As an alternative approach to retrieving amplitudes and attenuation for general noise source distributions, we here start with the theoretical form that correlation takes in a two-dimensional wave field composed of diffuse attenuating plane waves having a smoothly varying noise directionality, or “ponderosity”, B(θ) (Weaver, 2011). The amplitude of the narrow-band correlation's ray arrival from site i to site j is

$${X}_{i\to j}={s}_{i}{s}_{j}{B}_{i}\left({\stackrel{\u02c6}{n}}_{i\to j}\right)\sqrt{2\pi c/\omega \text{\hspace{0.28em}}|\overrightarrow{{r}_{i}}-\overrightarrow{{r}_{j}}|}\text{\hspace{0.28em}}\mathrm{exp}\left(-\text{\hspace{0.28em}}|\right.\text{\hspace{0.28em}}{\int}_{\overrightarrow{{r}_{j}}}^{\overrightarrow{{r}_{i}}}\alpha dx\text{\hspace{0.28em}}\left.|\right)$$ | (1) |

_{i}are the site factors at the detectors (assumed scalar and local), and B is the intensity of the ambient wave field at site i in the direction $\stackrel{\u02c6}{n}$ towards site j. This arrival amplitude X decays geometrically and exponentially. The X differs from the amplitudes in the Green function by the presence of (not a priori known) prefactors B and site factors s. As indicated above and discussed by Weaver et al. (2009) and Weaver (2011), the prefactor is merely the noise intensity B in the on-strike direction. Corrections to this due to non-uniform ponderosity are negligible in the asymptotic limit that the ponderosity is smooth and the detector separations are large compared to a wavelength (Weaver, 2011). We therefore neglect such corrections here. Attenuation α in the above includes both scattering and anelasticity.

Additional influences on X may include focusing and defocusing of the ambient wavefield due to inhomogeneity of wavespeed. Here we neglect those effects and correspondingly confine the numerical examples to the case of spatially constant wave speed.

It is desired to retrieve information on α, and by implication also on B and s, from measurements of the X. This may be impossible if B is not constrained. But as discussed by Weaver (2011), B is not arbitrary; it varies in space and direction as governed by a radiative transfer equation (Ryzhik et al., 1996; Turner and Weaver, 1994) or RTE:

$$\stackrel{\u02c6}{n}\cdot \overrightarrow{\nabla}B\left(\overrightarrow{r},\stackrel{\u02c6}{n}\right)+2\alpha \left(\overrightarrow{r}\right)B\left(\overrightarrow{r},\stackrel{\u02c6}{n}\right)=\frac{1}{2\pi}\oint p\left(\stackrel{\u02c6}{n},{\stackrel{\u02c6}{n}}^{\prime},\overrightarrow{r}\right)B\left(\overrightarrow{r},{\stackrel{\u02c6}{n}}^{\prime}\right)d{\stackrel{\u02c6}{n}}^{\prime}+P\left(\overrightarrow{r},\stackrel{\u02c6}{n}\right)$$ | (2) |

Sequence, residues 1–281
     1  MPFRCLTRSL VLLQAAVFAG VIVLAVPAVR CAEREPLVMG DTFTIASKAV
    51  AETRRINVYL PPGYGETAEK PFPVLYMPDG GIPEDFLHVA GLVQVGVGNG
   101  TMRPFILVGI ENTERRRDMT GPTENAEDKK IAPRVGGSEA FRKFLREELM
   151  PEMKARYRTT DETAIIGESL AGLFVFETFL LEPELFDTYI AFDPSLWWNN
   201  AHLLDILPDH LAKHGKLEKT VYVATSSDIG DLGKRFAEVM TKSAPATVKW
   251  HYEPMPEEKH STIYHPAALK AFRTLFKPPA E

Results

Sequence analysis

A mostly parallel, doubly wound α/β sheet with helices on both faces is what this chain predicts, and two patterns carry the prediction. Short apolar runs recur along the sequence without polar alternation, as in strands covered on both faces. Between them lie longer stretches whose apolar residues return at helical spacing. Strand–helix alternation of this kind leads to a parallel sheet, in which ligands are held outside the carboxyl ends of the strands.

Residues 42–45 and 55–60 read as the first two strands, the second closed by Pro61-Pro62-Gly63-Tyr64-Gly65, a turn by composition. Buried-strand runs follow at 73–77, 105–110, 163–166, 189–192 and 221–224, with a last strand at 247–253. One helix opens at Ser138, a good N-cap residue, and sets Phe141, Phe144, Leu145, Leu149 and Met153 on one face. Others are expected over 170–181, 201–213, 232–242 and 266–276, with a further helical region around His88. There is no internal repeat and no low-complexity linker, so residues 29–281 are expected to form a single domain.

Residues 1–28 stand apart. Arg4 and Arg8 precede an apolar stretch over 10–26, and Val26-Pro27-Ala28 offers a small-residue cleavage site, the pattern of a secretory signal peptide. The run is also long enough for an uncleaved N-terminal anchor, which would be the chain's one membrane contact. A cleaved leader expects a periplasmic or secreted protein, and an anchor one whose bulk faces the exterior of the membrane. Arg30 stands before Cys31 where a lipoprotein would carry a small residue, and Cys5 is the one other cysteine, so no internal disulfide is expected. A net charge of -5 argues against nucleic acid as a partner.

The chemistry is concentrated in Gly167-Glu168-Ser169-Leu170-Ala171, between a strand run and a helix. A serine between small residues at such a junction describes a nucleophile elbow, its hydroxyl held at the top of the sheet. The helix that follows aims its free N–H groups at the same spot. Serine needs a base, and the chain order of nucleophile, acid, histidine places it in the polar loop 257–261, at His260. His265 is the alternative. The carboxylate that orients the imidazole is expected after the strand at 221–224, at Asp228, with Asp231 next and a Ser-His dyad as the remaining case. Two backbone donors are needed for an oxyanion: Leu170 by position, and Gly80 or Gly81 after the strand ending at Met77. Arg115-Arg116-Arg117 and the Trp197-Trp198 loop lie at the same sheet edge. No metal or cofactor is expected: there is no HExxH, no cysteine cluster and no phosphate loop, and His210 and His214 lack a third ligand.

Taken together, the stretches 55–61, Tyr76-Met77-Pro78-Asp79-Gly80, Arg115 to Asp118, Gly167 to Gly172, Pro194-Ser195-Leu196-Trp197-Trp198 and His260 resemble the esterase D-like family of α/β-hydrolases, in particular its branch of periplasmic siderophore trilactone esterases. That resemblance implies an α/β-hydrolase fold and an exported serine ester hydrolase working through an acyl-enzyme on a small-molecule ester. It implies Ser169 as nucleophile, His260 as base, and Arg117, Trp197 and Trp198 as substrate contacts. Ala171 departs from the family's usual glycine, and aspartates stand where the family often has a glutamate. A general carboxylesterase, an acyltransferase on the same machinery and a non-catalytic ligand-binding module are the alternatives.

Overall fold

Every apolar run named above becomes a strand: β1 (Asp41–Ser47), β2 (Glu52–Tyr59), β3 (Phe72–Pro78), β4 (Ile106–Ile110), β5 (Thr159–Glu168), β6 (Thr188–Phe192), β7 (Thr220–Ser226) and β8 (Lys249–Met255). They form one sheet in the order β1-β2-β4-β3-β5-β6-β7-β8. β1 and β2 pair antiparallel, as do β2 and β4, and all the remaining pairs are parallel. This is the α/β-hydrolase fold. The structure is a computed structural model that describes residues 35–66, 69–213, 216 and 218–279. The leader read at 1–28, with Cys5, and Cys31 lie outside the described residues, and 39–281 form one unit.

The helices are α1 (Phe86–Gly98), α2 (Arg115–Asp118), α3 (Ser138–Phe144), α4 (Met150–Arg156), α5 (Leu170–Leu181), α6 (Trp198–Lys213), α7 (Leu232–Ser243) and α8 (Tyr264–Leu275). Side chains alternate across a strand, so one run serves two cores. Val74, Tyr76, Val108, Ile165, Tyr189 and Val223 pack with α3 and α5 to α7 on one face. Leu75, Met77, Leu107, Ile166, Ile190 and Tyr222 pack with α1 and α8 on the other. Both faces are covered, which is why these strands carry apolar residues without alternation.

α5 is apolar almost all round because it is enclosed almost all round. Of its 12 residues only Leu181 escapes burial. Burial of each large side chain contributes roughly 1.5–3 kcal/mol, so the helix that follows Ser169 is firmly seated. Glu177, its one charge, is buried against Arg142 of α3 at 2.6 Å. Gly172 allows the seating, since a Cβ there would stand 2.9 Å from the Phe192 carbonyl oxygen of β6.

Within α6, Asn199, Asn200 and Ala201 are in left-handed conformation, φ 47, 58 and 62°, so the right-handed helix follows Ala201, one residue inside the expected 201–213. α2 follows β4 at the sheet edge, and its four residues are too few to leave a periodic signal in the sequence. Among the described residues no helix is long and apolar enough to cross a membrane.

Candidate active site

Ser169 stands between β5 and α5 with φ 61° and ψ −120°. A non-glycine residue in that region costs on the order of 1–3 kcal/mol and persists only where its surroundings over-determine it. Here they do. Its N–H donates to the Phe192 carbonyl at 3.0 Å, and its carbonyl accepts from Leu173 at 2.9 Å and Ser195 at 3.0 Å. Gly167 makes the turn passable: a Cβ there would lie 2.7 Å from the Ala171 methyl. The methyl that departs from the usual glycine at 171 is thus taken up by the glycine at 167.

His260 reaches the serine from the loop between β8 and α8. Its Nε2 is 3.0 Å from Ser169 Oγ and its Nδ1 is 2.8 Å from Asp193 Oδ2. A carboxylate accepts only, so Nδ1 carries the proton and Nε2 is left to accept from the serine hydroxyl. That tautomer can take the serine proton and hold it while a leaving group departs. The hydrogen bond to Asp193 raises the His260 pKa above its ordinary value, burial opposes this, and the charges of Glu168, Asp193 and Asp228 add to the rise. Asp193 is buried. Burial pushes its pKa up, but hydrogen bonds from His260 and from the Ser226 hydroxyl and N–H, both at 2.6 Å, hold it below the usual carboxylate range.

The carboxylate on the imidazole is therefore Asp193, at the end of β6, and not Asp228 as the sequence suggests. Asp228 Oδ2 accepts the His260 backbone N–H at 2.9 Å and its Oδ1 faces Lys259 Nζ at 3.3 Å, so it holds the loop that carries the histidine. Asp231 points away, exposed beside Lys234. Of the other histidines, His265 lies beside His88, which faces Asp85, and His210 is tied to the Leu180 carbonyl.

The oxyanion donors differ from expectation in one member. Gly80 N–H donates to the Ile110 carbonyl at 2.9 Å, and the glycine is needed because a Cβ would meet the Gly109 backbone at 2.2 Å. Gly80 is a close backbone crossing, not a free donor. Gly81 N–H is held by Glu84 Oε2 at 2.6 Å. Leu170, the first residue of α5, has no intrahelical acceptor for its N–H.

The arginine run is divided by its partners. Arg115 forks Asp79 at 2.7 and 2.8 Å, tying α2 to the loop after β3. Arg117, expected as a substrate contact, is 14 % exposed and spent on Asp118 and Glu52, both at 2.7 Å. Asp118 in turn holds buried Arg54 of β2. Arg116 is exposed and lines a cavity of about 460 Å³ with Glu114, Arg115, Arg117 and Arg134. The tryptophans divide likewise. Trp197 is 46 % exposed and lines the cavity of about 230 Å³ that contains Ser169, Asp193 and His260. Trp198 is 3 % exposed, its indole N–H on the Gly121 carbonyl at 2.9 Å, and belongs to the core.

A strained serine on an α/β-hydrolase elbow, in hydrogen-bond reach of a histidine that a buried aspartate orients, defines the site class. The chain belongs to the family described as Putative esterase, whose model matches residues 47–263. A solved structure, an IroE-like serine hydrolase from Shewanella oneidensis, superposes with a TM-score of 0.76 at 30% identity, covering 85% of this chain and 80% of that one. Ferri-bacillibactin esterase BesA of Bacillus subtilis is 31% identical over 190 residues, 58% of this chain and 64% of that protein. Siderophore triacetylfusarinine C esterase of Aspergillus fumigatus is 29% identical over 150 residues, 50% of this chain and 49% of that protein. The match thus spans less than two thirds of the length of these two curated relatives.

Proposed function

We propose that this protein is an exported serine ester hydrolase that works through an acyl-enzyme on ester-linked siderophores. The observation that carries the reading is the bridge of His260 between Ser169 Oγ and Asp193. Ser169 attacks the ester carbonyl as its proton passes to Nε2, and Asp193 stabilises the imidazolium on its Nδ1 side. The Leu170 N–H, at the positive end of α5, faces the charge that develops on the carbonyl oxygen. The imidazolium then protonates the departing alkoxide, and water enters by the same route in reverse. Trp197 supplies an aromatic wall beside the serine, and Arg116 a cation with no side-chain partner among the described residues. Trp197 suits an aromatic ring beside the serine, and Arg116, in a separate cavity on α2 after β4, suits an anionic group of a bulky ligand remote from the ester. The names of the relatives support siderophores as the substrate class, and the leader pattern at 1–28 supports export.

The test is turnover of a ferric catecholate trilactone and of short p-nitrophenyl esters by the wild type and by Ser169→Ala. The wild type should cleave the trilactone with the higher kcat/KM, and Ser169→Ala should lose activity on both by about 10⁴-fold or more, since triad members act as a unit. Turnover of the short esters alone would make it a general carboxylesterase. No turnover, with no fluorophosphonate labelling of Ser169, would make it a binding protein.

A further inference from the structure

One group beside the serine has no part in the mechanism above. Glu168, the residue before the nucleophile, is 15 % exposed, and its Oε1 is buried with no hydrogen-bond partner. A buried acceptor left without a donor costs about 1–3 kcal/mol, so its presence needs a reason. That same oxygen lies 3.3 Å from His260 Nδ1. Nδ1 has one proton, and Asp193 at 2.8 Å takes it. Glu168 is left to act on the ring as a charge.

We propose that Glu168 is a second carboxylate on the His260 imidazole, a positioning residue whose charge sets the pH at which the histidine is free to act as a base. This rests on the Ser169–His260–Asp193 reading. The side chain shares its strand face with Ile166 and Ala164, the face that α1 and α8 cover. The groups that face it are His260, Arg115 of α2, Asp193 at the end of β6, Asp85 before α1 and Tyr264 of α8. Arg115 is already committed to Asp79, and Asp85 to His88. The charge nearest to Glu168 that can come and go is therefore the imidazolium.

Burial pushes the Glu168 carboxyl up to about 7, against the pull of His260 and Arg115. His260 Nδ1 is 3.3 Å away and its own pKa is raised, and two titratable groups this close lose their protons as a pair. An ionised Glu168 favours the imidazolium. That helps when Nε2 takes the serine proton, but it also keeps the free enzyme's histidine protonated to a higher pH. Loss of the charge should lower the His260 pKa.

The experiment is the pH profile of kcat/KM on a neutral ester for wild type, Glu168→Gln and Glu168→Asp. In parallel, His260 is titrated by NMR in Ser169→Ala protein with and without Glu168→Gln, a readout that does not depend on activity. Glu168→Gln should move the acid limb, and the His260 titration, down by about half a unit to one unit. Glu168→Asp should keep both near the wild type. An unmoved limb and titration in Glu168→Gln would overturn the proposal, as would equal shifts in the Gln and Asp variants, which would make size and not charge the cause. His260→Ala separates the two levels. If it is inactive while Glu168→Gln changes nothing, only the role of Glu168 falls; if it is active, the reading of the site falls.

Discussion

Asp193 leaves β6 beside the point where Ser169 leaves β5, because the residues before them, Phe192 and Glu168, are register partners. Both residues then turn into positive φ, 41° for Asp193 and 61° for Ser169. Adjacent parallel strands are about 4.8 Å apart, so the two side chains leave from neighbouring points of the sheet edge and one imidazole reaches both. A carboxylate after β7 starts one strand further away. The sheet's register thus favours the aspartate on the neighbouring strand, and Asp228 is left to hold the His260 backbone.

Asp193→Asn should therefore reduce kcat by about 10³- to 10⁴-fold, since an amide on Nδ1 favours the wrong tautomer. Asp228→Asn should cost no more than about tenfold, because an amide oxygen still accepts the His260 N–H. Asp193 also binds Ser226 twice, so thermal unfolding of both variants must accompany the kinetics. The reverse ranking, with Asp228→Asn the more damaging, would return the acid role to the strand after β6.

Ponderosity B is thus interpretable as ‘specific intensity’. It is the density (per direction angle) of diffuse wave intensity. It depends on direction $\stackrel{\u02c6}{n}$ and position $\overrightarrow{r}$. Here, α is the same attenuation as in Eq. (1). The left side indicates that intensity B in a given direction decays with distance along that direction like exp(−2α distance). It is noteworthy that α is responsible not only for the decay of the Green function and the noise correlation (Eq. (1)), but also for decay of the diffuse intensity B, and thus the prefactor in Eq. (1). The right side of Eq. (2) indicates that B is augmented by sources P. $B\left(\overrightarrow{r},\stackrel{\u02c6}{n}\right)$ is also augmented by scattering, with strength p, into direction $\stackrel{\u02c6}{n}$ from waves at $\overrightarrow{r}$ going in direction ${\stackrel{\u02c6}{n}}^{\prime}$. For long-period seismology P is probably zero within the continents. Whether scattering p is negligible is less clear.

Equations (1) and (2) constitute a starting point for understanding ray arrival amplitudes, and thus for retrieval of attenuation and site factors from correlations of ambient noise. Even within the approximation that focusing and defocusing are unimportant and that site factors are scalar and local, inversion from the X to the α will be non-trivial. Before attempting more general cases, however, we wish to confirm that this picture is valid by examining the particular case in which there is a linear array of sensors, arrayed along a line of direction $\pm \stackrel{\u02c6}{n}$. This is a great simplification, but it is not impractical; dense linear seismic arrays are not uncommon. In this case, the above RTE simplifies.

$$\frac{d}{dx}{B}^{+}\left(x\right)+2\alpha \left(x\right){B}^{+}\left(x\right)={S}^{+}\left(x\right);\text{\hspace{1em}}\frac{d}{dx}{B}^{-}\left(x\right)-2\alpha \left(x\right){B}^{-}\left(x\right)=-{S}^{-}\left(x\right)$$ | (3) |

where x is a coordinate along the linear array. Instead of an infinite number of directions, there are only two. There are two intensities of interest, B^{±}, one for each of the two directions $\pm \stackrel{\u02c6}{n}$. Each B varies along the linear array. Each attenuates exponentially at a rate 2α in its direction of travel, and is augmented by sources S^{±}. These sources may be intrinsic (P), or may be due to scattering (p) from other directions. It is particularly noteworthy that B does not decay geometrically.